29. 29. Maximum participation occurred in tongue-twister or catchy words type warm-ups, e.g. Peter Piper and “the tip of the tongue, the teeth, the lips”. Also, warm-ups that involve some form of playfulness involving peers e.g. singing Hey you, who me, yes you while pointing to someone, then to self and then pointing randomly at three friends. <br />Notable was that students would sing the solfege scale (N=19) at 78.9% engagement, but the same scale with Curwen hand signs added resulted in 94.7% participation.<br />Discussion<br />THEORY<br />WARM - UPS<br />Activities that involved a competitive factor garnered much enthusiasm and maximum participation. Red team vs. Blue team games involved speed drills on note values, packing out rhythms with rhythm cards, etc. Much enthusiasm to perform Speech Chorus songs using words as opposed to rhythmic notation exercises on time names (ta, ti-ti). Rhythmic patterns that involved a sound effect on a rest e.g. “s” on the quarter rest, whisper “top hat” on the half rest or “z-z-z” on the whole rest, was enthusiastically received with 100% participation on a straightforward rhythm pattern.<br />
  30. 30. One of the most significant contributions this research project can make is in the area of lesson plan design and, <br />selection of instructional activities to the middle school choral teacher. <br />Future lesson activity design should include creative, interesting, challenging, multi-dimensional activities that result in greater student engagement.<br />Conclusion <br />
  31. 31. Specific indicators to include: quicker tempi, catchy/tongue-twister type words, elements of play (fun hand signs, pointing), peer involvement, effects (such as novel sound effects, unexpected sounds, body percussion) with the voice, manipulatives (cards, paddles, balls), competition, speed, imagery, and a generally fast paced lesson. <br />Activities that include kinesthetic involvement and the imagination should be included in future lessons as they resulted in more student engagement. Warm-ups with hand or arm movement, imagery (puppet on a string, rotate your listening “antennae”) are particularly successful. Use of image and metaphor are perceived as a form of fun, or a pretend game. <br />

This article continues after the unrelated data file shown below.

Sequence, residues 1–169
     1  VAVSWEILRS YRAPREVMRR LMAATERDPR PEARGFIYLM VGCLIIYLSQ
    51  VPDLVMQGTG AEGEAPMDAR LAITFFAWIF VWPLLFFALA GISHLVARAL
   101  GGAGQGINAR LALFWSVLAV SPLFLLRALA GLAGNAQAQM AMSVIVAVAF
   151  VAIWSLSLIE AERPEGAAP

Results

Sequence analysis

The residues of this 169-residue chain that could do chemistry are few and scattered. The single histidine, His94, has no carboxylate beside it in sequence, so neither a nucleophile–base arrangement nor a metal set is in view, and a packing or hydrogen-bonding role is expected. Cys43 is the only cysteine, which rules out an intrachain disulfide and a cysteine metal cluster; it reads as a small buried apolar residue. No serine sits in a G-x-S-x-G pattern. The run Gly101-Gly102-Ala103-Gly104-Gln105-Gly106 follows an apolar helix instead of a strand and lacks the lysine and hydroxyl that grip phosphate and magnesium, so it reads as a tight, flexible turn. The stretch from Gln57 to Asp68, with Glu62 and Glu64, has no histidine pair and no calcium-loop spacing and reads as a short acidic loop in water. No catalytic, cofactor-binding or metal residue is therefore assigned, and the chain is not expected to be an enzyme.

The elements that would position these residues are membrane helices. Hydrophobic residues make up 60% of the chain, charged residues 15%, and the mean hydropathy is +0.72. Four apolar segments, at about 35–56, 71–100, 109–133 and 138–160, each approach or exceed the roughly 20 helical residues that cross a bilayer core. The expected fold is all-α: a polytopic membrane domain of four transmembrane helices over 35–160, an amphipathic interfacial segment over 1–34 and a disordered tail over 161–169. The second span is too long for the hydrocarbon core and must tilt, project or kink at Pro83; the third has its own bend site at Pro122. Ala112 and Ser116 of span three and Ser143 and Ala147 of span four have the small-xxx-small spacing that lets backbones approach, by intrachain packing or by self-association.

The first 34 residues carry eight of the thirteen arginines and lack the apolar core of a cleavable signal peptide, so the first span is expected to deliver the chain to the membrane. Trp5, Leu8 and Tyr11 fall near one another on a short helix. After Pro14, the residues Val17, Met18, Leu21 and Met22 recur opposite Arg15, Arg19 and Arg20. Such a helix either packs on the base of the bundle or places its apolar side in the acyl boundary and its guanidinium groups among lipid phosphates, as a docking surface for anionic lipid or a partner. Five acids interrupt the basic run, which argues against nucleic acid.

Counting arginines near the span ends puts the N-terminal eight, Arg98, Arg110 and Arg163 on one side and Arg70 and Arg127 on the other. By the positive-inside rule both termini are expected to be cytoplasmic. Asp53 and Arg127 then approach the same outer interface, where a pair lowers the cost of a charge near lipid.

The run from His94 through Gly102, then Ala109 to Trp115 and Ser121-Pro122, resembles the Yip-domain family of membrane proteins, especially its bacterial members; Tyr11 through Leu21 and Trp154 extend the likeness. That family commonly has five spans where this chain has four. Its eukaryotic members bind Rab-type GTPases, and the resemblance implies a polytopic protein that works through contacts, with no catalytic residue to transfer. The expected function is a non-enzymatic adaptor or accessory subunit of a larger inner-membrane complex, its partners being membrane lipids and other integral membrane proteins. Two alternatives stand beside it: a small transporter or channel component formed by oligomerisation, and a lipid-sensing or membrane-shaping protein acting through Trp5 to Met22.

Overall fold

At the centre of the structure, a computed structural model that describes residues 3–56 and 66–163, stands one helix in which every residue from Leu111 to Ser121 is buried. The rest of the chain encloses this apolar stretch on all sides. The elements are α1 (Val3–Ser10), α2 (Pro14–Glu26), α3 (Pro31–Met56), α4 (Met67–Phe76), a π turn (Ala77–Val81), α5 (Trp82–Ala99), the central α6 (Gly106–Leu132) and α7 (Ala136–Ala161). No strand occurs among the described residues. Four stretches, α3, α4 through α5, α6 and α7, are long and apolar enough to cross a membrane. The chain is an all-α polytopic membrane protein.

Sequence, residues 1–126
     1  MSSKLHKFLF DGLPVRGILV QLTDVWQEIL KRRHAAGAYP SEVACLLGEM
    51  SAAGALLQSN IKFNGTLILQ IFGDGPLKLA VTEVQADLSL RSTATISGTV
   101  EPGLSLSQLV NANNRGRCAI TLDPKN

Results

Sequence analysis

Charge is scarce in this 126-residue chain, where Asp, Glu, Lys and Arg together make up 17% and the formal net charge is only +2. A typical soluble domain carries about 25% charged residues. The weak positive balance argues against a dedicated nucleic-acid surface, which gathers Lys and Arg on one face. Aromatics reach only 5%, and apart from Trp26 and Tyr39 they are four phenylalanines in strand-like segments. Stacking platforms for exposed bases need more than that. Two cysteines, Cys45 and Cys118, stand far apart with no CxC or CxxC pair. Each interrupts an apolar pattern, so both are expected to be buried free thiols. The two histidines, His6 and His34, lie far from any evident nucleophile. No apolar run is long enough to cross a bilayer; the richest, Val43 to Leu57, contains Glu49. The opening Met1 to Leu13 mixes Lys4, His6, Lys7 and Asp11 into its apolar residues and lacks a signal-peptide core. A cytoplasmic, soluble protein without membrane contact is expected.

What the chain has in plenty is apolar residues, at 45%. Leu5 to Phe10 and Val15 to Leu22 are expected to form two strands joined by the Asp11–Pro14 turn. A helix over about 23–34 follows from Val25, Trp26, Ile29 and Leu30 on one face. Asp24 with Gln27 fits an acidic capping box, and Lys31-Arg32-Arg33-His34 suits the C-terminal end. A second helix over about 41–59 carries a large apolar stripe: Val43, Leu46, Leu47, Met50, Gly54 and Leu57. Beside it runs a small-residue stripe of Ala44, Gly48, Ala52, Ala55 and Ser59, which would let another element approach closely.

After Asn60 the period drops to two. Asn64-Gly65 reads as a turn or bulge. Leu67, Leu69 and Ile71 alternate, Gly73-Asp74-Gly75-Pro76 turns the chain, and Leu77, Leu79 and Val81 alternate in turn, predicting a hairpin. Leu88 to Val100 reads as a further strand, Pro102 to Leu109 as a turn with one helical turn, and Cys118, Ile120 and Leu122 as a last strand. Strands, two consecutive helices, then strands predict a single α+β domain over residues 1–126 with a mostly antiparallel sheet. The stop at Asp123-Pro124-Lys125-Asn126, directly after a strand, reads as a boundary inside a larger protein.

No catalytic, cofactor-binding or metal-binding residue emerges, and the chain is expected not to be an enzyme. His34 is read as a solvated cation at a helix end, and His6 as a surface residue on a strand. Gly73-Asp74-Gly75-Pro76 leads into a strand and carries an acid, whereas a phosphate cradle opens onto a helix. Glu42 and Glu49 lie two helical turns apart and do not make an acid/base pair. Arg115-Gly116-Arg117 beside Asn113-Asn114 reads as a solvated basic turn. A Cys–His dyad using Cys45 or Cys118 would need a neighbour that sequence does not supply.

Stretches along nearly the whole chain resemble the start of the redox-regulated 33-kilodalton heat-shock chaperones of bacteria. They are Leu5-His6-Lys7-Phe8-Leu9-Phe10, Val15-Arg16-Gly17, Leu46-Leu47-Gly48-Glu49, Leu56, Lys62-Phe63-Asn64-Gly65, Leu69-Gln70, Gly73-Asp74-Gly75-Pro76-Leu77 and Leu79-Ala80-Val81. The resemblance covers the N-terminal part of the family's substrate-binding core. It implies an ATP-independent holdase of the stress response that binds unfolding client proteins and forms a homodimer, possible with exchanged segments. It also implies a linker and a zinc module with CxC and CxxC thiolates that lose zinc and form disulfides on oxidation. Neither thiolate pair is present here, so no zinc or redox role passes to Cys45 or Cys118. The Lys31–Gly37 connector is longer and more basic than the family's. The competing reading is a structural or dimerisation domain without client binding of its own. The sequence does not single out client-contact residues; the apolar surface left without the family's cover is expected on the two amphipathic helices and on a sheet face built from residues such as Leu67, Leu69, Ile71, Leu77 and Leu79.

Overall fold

32. 32. This action research project has shown that preparation and implementation of challenging, interesting and creative musical experiences can significantly increase student engagement. In designing future lessons it should also be kept in mind that engaging students in thinking and analyzing is equally as important as singing.<br />
  33. 33. Learners vary and learning styles vary. Future lessons should include activities of the multi-dimensional type to engage ALL students.<br />The music is the ultimate product, but performing it with understanding is the ultimate goal, therefore a wide-spectrum, multi-dimensional activity level should be observed in lessons as it provides “understanding” opportunity for the maximum number of students.<br />
  34. 34. http://mtjansevanrensburginstrumentalcar.blogspot.com/<br />avrensburg@atlanta.k12.ga.us<br />